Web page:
WA's Coroner is examining whether ambulance ramping and staff resourcing at Royal Perth Hospital's emergency department caused delays in the treatment of a 26-year-old woman who died from a meningococcal infection.
On December 27, 2019, Geraldton woman Ashleigh Rebecca Hunter was taken by ambulance to RPH after becoming increasingly unwell over about three hours at the holiday apartment she was sharing with her partner.
The WA coroner's court was told that on a scale of one to five, Ms Hunter was assessed as having a triage score of three, which meant it was recommended she be seen by a doctor and treated within 30 minutes.
Counsel assisting the coroner Sarah Tyler said despite that recommendation, Ms Hunter was not seen by a doctor until about an hour later when she quickly became unresponsive, and her heart stopped.
That hour included the 26-year-old spending between eight and 13 minutes "ramped" in the ambulance.
ED at capacity on admission day
Ms Tyler said Ms Hunter's time spent ramped in the ambulance was because it was a very busy day, and the emergency department was at capacity.
Hospital policy meant patients who were deemed suitable were placed at the ramp under the care of St John officers rather than hospital staff.
The inquest is investigating whether the ambulance ramping and resourcing considerations had an impact on or delayed the care Ms Hunter received.
It is also examining the appropriateness of the triage assessment she was given and "...whether there was a lost opportunity for Ms Hunter to survive due to delays in the provision of her care".
The first witness called was St John officer David Kenny, who responded to the triple-0 call made by Ms Hunter's partner.
Mr Kenny said Ms Hunter was conscious and oriented but distressed and grimacing in pain.
He also said she told him she had taken ecstasy and methamphetamine the night before, but he denied Ms Hunter's drug use had coloured his judgement, saying it was "just part of the whole picture."
'A whole bunch of ambulance stretchers lined up'
Mr Kenny and his partner transported her to hospital where, after being triaged, she remained in their care while "ramped".
Mr Kenny described it as being "a whole bunch of ambulance stretchers lined up" — something he said was "common" in his five years as a paramedic.
When Ms Hunter became agitated and was moving around a lot, Mr Kenny said he became concerned for her safety, so he arranged for her to be moved from a ramping stretcher to a ramping bed.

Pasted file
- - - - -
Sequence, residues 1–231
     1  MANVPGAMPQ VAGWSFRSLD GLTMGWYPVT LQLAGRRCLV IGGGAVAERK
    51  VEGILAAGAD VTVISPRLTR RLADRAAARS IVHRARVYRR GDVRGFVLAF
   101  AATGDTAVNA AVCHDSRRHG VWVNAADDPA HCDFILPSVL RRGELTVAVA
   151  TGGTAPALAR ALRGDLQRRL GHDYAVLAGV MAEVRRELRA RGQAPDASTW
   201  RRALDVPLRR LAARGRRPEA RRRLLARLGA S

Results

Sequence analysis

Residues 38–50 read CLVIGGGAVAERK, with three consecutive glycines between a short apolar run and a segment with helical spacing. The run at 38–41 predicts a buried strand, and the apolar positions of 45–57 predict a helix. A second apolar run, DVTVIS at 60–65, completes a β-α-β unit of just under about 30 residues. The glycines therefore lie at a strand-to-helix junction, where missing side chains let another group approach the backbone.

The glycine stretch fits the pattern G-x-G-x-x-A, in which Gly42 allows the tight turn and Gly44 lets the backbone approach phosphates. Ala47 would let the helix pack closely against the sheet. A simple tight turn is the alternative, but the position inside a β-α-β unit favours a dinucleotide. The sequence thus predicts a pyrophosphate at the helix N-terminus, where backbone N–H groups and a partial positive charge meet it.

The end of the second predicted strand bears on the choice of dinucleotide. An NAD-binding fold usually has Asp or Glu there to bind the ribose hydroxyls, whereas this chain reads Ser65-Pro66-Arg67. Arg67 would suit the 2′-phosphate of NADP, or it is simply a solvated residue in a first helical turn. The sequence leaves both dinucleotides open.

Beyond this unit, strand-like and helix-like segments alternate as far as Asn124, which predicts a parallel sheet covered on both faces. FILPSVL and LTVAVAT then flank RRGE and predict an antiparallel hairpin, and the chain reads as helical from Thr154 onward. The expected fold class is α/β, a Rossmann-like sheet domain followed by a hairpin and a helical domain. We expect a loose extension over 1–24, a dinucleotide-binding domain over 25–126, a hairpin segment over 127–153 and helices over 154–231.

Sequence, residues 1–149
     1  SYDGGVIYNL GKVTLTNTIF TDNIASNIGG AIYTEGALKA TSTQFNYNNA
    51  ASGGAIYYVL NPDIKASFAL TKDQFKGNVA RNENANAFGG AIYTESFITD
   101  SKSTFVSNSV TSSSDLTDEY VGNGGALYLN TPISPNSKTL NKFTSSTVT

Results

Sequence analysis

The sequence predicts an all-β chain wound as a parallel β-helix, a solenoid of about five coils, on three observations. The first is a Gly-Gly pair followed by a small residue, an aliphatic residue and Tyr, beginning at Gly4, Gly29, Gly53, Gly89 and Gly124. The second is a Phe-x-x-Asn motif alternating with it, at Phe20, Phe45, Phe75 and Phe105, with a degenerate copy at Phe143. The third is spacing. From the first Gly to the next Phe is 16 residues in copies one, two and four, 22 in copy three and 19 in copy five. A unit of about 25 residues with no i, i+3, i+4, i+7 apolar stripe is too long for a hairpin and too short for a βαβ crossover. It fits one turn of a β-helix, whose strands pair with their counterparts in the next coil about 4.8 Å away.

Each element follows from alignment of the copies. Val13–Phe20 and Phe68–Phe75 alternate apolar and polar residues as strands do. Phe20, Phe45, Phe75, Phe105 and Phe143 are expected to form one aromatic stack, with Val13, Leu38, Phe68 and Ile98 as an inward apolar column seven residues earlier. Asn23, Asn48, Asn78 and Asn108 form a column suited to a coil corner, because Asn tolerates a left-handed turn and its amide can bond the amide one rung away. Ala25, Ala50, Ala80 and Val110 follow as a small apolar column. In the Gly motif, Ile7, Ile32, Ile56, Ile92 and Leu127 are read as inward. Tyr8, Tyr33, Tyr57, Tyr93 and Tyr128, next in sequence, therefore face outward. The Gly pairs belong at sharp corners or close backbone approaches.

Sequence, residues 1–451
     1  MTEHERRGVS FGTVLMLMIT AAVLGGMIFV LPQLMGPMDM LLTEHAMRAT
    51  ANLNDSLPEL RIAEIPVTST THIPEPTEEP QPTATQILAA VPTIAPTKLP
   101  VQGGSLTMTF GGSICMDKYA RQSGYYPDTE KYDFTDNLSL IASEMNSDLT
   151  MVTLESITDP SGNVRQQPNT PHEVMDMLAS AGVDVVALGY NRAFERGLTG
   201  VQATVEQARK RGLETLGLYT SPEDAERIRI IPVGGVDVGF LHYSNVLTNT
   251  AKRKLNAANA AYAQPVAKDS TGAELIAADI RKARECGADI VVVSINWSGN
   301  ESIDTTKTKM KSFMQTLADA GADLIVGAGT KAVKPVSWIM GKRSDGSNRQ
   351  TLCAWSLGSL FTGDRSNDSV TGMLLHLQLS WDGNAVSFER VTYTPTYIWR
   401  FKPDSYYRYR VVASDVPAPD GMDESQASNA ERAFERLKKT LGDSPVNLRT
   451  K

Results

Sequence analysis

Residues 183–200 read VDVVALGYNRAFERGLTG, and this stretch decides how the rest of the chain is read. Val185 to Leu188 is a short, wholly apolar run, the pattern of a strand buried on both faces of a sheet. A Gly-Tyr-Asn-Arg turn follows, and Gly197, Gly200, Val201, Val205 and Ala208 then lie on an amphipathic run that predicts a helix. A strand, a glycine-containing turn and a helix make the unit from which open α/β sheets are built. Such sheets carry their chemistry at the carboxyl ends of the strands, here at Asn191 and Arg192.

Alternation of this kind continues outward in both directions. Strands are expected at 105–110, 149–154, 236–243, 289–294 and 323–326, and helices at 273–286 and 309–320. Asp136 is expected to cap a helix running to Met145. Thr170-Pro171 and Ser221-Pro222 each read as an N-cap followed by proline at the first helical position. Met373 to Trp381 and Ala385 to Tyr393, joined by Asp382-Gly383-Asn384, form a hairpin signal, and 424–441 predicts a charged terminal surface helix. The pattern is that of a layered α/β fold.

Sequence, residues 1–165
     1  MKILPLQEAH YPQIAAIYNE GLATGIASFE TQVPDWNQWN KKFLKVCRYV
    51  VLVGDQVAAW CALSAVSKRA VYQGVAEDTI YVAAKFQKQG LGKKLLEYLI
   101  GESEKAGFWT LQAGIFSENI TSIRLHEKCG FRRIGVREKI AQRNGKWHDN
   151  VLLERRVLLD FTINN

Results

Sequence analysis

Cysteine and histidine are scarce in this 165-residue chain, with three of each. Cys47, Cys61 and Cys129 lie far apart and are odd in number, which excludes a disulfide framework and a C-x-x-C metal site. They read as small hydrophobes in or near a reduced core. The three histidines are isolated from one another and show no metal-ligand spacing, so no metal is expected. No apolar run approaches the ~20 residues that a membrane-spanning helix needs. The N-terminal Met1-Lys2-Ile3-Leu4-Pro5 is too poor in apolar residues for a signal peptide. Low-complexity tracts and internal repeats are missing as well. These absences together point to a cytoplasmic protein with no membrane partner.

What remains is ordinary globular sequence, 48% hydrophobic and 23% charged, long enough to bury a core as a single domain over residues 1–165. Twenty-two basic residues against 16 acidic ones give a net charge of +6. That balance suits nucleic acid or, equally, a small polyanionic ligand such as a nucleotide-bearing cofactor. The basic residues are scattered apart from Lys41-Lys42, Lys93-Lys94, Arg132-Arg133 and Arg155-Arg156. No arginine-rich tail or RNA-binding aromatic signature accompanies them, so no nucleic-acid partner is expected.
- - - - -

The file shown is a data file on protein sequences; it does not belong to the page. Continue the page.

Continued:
There, because she was moving around, staff were unable to take her observations so it was decided she should be put into the care of the nursing staff, who were looking after other patients in the ambulance bay.
After Ms Hunter collapsed in the toilets and nurses couldn't get a blood pressure unit, she was finally moved into the emergency department into a critical care unit, but she could not be saved.
Mr Kenny said he was "very surprised and shocked" when he was told later she had died from a meningococcal infection, saying she had not displayed the usual signs of sepsis.
Ramping has become 'common practice'
Mr Kenny's colleague on the day, Fiona Sutton, told the inquest the 13 minutes spent "ramped" was "pretty reasonable".
She testified that over the years, ramping had become part of an ambulance officer's job.
"It's common practice these days to be ramped for one hour to eight hours," she said.
"Crews are getting ramped with low-acuity patients for that long."
Outside the inquest, Ms Hunter's parents Kim and Kellie said they were appreciative of the coroner for looking into their daughter's case "because it can happen to anybody".
Kim Hunter said the main issue for the family was the difficulty for people getting immediate access to medical care.
"Even though you've come to hospital by ambulance, you still may find you're not going to get in there," he said.
"The way she died in hospital, effectively wheeled into a corridor and just left to roll around in pain and agony until she basically had a heart attack and died."
Kellie Hunter fought back tears as she described her as a "beautiful, vibrant" member of the community.
"She did what she did to help others, she didn't deserve what happened."
Assessment 'clouded' by patient's meth use — triage nurse
Later, the nurse who triaged Ms Hunter told the inquest she did not see any clear indications of meningococcal disease when she assessed her.
Andrea Walthew said she still believed the triage score she gave of three was appropriate because she did not see any immediate threat to Ms Hunter's life.
Ms Walthew said the 26 year old was quite lucid, coherent and orientated, although in hindsight she accepted that maybe the irritation she had at being touched was setting off pain signals in the body.
She also told the inquest she believed Ms Hunter's use of illicit drugs the night before, did have had an impact.
"The whole picture was clouded by the fact that she'd used meth … if there were no drugs on board, I would have said yes that looks like sepsis," she testified.
"Would it have made any difference to the length of time she'd waited to see a doctor? I doubt it."
The inquest is set down for a week.